Why did it take minutes to fix the error? “PwC sounded the alarm, but not right away,” Gary Natoli, the telecast’s stage manager, said in a text message. “It wasn’t until just before I jumped onstage that it was confirmed by both Brian and Martha as the winner being incorrect.” Martha L. Ruiz, a PwC colleague of Mr. Cullinan’s who stood on the opposite side of the stage, and Mr. Cullinan apparently needed to find each other backstage to confer before speaking up.

      I don’t understand why they needed to confer. They should have both rushed out on stage, meeting in the middle, to say “Wait!” before the La La Land team was allowed up on stage.

      And Beatty said this about the situation:

      “I read the card that was in the envelope,” Mr. Beatty told reporters on his way to the Governors Ball, a post-show party. “I thought, ‘This is very strange because it says best actress on the card.’ And I felt that maybe there was some sort of misprint.” Pressed further, he said, “That’s all I have to say on the subject.” Ms. Dunaway declined to comment.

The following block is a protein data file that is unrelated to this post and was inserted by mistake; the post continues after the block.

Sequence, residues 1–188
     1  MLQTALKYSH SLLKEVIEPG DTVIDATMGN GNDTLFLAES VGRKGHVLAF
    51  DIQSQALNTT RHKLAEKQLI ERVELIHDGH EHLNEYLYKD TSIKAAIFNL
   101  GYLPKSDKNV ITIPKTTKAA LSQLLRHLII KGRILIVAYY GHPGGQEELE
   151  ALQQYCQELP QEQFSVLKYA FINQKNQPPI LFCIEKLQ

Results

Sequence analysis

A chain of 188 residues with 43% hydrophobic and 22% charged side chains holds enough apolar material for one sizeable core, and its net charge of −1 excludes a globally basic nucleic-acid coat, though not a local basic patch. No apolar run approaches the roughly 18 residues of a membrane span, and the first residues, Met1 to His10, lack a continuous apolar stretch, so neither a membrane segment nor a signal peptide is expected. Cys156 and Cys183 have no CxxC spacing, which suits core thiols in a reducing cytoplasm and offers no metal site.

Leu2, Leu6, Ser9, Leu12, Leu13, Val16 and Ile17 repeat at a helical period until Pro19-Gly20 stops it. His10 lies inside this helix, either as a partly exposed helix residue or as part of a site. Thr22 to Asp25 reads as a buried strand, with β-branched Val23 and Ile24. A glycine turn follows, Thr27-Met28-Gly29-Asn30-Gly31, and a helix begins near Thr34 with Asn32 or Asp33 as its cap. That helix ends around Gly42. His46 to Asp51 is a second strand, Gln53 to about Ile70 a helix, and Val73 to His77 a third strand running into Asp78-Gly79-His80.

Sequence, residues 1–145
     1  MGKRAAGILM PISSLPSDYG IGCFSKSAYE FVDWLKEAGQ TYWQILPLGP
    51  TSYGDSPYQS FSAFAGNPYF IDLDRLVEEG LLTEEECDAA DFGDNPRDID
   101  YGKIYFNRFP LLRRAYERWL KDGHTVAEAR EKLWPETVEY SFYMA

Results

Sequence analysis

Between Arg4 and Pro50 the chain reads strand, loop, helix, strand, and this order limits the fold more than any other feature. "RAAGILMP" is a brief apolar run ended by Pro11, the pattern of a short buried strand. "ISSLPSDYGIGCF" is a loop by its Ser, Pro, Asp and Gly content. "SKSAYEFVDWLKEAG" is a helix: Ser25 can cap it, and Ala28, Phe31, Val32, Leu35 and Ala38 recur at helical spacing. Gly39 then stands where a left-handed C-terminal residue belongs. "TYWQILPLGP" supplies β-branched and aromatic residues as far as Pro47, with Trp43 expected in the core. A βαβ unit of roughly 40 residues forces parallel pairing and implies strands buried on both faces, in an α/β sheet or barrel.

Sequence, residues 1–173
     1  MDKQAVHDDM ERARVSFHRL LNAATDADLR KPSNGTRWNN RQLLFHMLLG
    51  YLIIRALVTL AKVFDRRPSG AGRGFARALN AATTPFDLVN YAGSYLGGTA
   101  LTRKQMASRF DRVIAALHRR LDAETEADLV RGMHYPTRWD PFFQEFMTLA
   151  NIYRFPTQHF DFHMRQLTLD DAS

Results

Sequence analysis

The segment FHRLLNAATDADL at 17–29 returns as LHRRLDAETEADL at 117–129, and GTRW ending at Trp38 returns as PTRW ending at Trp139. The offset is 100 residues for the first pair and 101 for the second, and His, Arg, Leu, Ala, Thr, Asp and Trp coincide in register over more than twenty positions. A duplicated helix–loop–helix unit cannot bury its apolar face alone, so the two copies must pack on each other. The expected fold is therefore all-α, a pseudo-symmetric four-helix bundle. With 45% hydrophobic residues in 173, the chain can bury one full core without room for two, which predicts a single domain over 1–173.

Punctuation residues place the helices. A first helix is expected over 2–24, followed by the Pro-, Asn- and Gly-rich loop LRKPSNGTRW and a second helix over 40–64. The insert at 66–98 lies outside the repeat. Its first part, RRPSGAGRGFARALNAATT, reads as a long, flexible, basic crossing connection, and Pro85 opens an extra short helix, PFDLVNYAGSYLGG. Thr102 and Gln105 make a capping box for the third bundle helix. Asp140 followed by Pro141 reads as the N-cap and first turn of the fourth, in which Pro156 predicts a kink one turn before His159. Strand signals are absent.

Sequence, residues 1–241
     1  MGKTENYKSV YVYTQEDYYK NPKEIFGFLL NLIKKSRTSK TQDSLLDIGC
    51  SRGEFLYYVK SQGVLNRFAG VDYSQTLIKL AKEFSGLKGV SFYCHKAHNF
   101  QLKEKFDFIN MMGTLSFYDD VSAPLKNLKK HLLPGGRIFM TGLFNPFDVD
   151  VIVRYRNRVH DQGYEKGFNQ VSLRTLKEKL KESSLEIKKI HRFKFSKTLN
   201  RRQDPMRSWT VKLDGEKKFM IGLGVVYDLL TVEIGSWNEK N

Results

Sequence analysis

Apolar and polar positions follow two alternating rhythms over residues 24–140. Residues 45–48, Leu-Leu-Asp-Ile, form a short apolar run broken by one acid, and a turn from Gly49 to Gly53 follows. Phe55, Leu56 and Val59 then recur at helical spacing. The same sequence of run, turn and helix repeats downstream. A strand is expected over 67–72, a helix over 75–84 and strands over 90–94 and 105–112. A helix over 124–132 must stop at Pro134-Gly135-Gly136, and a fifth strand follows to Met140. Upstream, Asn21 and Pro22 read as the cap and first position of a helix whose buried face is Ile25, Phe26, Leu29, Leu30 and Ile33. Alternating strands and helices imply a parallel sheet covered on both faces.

• Here is the timeline from a video I rewatched:

        0:27 announcement of “La La Land” by Dunaway

        0:35 the announcer voice on the broadcast talks about La La Land having 14 nominations… the announcer doesn’t have a script designed around Moonlight for this? The announcer really doesn’t know the winners? Why can’t get an announcer they can trust with the results?

        2:27 finally, producers or somebody comes out on stage

        2:54 the announcement of “there’s a mistake”

  6. More about the one PWC partner apparently being distracted before the moment he gave the wrong card to Warren Beatty:

    PwC Partner at Oscars Tweeted Backstage Minutes Before Best Picture Mix-Up